All of Earth might be under water if not for a fortuitously timed supernova explosion, a new study suggests.
A massive star in our sun’s neighborhood met its violent end just as Earth and its fellow planets were coalescing 4.6 billion years ago. The blast seeded our nascent solar system with radioactive elements, including aluminum-26 (Al-26), which then heated and dried out the rocky building blocks known as planetesimals, according to the new modeling research.
This desiccation-from-the-inside had a huge effect, because Earth is thought to have gotten most of its water from its constituent planetesimals, study team members said. [Earth Quiz: Do You Really Know Your Planet?]
“The results of our simulations suggest that there are two qualitatively different types of planetary systems,” lead author Tim Lichtenberg, who performed the research as a doctoral student at the Institute of Geophysics of ETH Zürich in Switzerland, said in a statement.
“There are those similar to our solar system, whose planets have little water,” added Lichtenberg, who is now a postdoctoral fellow at the University of Oxford in England. “In contrast, there are those in which primarily ocean worlds are created because no massive star, and so no Al-26, was around when their host system formed. The presence of Al-26 during planetesimal formation can make an order-of-magnitude difference in planetary water budgets between these two species of planetary systems.”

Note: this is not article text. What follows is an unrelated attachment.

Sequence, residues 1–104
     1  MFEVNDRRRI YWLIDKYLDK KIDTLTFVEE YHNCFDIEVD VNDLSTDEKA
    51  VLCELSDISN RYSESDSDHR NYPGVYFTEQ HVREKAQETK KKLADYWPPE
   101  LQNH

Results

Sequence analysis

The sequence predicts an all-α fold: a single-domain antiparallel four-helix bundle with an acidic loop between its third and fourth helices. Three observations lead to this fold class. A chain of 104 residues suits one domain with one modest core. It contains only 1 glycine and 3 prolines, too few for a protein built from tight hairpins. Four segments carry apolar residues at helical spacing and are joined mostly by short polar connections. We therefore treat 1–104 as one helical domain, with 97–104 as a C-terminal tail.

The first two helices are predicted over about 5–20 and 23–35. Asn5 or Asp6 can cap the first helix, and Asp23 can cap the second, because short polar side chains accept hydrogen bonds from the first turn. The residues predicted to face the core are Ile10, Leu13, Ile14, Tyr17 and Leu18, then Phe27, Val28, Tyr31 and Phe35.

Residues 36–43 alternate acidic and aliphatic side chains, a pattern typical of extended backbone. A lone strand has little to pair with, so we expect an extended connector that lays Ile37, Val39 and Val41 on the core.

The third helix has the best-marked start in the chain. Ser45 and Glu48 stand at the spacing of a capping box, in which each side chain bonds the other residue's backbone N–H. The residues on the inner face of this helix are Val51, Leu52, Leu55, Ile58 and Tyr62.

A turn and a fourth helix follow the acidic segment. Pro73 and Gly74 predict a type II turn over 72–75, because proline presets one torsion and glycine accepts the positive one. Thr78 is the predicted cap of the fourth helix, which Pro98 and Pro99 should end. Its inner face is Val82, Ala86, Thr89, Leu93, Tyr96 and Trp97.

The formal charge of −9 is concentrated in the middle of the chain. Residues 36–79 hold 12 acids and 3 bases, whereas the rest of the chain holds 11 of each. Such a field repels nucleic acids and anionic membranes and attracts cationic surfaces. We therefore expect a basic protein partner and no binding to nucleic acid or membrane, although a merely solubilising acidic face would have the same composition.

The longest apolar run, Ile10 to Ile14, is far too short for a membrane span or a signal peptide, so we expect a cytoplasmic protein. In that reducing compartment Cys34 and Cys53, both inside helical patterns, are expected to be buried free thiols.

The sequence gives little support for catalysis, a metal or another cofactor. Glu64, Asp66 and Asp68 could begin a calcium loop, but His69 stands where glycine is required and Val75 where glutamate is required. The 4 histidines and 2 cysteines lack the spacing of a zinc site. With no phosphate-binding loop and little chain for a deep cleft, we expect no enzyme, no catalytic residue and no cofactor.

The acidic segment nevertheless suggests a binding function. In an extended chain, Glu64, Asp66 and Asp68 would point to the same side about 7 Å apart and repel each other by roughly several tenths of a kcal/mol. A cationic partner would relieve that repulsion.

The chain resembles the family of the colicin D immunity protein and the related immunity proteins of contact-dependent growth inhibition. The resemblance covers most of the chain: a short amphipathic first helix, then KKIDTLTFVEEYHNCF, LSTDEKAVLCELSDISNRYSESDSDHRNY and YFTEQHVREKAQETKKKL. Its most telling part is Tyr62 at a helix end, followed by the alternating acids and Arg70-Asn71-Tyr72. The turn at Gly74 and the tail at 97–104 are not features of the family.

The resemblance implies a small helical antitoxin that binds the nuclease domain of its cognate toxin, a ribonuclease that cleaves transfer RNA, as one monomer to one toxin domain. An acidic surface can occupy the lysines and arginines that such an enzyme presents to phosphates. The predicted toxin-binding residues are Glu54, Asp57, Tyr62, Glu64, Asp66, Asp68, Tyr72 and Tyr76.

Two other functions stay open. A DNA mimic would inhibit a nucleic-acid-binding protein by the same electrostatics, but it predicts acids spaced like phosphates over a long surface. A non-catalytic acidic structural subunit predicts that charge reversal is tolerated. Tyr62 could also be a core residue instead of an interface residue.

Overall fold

Figuring out why some planets are sopping wet and others, like our own, have a decent helping of exposed land is of considerable interest to astrobiologists. That’s because water-world exoplanets don’t seem to be as hospitable as exposed-land planets for life as we know it.
Modeling work suggests that deep global oceans are often underlain by thick layers of ice, which would prevent material from circulating between a planet’s depths and its surface. So, many water worlds likely lack anything like Earth’s carbon cycle, which ensures the recycling of this key element and helps stabilize our planet’s climate.
In the new study, Lichtenberg and his colleagues simulated the formation of thousands of planets, looking at the role Al-26 played in determining the worlds’ final water abundance. The work was published online Monday (Feb. 11) in the journal Nature Astronomy.
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